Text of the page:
Whither college radio? Not without a fight

Add Vanderbilt University's WRVU to the list of student-operated radio stations that may be offered for sale to the highest bidder. Vanderbilt Student Communications, license holder of the 10,000-watt underground music station broadcasting on 91.1 FM, is exploring whether to sell WRVU and use the proceeds to establish an endowment supporting "innovative student media experiences . . . in perpetuity."

Unlike the pending license transfer of Houston's KTRU, the Rice University station that's to be converted into classical music pubradio outlet by aspiring owner KUHF, the proposal for WRVU is a trial balloon, according to the New York Times. The Times reports that as financially strained universities increasingly question the viability and value of their campus radio stations, advocates for student-operated outlets such as KTRU and WRVU have organized and mounted vigorous protests.

Friends of KTRU, for example, retained the Paul Hastings law firm and petitioned the FCC to reject the sale of their 50,000-watt station. “Rice University and [KUHF licensee] the University of Houston System used underhanded techniques in this attempt to sell KTRU’s FM license, which was student-created and has been maintained by four decades of hard-working student volunteers,” said Joey Yang, KTRU station manager, in a Dec. 3 news release. “With this Petition to Deny, we hope to stop them and return KTRU-FM to its rightful owners: the students.”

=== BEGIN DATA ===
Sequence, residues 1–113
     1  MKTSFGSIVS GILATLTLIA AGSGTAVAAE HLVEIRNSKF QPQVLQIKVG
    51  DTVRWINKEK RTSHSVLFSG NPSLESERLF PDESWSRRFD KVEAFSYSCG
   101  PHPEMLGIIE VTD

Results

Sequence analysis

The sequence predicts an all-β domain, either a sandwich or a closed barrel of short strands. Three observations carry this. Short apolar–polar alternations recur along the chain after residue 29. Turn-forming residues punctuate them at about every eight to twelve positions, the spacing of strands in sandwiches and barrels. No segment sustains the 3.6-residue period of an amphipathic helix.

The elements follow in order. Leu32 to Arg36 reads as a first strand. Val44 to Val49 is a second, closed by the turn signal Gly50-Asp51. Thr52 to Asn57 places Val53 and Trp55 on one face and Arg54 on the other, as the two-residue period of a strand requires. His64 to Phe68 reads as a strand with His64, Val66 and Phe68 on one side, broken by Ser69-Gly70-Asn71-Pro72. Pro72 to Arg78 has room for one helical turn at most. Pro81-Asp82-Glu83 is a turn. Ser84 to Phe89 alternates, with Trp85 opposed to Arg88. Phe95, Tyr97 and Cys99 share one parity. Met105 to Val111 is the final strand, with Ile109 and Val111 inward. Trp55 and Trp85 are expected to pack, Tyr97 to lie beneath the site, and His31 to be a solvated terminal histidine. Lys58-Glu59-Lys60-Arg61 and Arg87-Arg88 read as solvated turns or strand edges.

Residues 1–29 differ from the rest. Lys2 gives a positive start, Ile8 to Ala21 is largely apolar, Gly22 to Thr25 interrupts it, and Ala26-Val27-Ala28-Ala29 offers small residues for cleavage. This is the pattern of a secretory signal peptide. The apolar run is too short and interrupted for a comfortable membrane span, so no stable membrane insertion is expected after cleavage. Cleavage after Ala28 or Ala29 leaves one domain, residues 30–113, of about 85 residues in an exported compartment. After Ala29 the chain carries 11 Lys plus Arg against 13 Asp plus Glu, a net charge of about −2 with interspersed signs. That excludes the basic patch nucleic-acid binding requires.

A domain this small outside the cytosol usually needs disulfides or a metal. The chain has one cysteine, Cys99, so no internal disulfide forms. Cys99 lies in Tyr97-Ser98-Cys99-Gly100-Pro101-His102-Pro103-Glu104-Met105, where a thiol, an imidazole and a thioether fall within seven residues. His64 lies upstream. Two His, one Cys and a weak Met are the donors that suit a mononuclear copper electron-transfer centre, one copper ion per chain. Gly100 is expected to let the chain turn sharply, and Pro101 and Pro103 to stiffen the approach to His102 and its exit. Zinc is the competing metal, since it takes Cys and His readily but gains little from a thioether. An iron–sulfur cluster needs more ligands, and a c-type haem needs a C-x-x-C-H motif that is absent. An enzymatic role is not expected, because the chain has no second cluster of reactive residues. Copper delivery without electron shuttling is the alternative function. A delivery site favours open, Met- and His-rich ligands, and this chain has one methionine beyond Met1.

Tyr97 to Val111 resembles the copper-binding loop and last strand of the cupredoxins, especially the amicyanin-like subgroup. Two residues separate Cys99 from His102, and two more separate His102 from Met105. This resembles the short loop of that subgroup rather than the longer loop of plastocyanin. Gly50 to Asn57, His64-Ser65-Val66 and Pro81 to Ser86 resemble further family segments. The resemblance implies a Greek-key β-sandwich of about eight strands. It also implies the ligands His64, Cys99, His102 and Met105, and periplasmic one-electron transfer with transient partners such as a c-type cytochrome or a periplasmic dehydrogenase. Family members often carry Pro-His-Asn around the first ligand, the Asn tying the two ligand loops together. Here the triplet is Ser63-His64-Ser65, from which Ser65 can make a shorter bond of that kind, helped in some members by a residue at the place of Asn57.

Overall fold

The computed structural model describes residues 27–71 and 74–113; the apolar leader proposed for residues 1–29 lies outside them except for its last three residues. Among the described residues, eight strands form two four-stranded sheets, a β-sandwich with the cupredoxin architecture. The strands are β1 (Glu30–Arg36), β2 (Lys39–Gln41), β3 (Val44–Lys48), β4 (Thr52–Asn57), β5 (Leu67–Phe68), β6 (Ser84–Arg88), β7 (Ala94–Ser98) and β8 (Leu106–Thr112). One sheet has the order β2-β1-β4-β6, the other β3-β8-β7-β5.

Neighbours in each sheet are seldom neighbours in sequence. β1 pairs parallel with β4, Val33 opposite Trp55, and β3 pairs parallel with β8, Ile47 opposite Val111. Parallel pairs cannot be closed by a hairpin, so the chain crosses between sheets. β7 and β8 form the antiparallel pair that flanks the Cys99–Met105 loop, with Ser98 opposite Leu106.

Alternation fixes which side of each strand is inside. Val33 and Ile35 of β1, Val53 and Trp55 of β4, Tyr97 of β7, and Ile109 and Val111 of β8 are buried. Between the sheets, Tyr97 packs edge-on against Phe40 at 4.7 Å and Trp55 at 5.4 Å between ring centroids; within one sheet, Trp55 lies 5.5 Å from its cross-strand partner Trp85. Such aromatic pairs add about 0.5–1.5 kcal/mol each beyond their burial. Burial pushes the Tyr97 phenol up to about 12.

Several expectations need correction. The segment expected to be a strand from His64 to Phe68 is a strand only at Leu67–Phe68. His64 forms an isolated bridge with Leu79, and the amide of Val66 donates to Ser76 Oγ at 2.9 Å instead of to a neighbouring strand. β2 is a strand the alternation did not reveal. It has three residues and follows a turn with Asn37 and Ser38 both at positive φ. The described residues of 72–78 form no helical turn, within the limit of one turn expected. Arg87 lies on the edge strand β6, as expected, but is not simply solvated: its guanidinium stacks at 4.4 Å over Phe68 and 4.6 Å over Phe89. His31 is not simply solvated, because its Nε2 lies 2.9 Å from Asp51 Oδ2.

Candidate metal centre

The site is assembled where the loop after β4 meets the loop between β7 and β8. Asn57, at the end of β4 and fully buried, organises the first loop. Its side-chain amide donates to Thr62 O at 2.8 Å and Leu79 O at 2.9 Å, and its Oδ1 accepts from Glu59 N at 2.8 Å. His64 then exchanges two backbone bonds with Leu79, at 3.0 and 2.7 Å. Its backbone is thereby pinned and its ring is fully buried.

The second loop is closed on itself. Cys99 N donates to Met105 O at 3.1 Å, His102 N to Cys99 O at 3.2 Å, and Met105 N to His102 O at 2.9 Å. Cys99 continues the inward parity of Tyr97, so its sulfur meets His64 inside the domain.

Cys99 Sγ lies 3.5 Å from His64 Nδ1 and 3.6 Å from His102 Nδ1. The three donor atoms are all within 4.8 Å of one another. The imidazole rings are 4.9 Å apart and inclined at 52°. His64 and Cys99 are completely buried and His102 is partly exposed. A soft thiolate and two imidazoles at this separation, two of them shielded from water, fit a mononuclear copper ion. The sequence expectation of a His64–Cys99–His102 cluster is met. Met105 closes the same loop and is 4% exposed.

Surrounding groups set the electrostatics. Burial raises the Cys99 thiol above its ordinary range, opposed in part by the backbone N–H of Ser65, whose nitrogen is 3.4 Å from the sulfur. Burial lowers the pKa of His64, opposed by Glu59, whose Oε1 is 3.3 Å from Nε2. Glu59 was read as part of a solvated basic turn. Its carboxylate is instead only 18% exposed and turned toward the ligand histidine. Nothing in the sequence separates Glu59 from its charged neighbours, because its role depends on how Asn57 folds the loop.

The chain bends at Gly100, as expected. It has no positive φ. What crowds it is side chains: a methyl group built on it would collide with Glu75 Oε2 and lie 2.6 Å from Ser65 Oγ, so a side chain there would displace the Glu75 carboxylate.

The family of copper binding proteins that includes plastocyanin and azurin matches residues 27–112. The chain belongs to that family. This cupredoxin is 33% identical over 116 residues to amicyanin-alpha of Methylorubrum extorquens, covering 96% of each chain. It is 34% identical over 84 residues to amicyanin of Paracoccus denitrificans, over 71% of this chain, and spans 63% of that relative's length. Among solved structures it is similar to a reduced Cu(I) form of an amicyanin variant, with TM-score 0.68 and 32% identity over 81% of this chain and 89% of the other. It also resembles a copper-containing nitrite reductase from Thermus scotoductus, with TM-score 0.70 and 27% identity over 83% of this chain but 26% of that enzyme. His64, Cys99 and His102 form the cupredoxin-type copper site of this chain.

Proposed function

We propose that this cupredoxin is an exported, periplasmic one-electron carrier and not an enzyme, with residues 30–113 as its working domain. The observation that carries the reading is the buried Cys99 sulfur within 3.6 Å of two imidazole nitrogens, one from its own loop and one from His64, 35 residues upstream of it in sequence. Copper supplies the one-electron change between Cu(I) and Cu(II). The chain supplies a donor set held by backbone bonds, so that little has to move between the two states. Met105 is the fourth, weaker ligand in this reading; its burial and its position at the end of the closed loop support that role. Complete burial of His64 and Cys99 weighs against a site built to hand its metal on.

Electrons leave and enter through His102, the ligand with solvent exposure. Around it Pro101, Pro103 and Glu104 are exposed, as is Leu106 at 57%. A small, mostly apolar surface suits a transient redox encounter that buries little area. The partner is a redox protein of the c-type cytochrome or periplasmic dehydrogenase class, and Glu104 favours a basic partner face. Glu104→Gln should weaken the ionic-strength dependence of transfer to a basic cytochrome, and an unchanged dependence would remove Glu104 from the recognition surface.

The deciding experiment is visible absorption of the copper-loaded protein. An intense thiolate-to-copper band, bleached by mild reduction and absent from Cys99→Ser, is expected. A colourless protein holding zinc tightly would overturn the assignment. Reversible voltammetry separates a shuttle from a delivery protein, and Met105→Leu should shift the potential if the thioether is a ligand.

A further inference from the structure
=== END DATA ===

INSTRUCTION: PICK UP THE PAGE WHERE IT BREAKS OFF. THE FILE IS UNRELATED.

KVCR-TV might not survive immediate CPB funding cut, station president says

"Halt to federal funding could doom KVCR-TV" reads a headline in today's (Dec. 6) Sun newspaper in San Bernadino, Calif. With Republicans ramping up the fight to annihilate CPB funding, the local station is concerned: More than 13 percent of its $6 million operating budget comes from the corporation.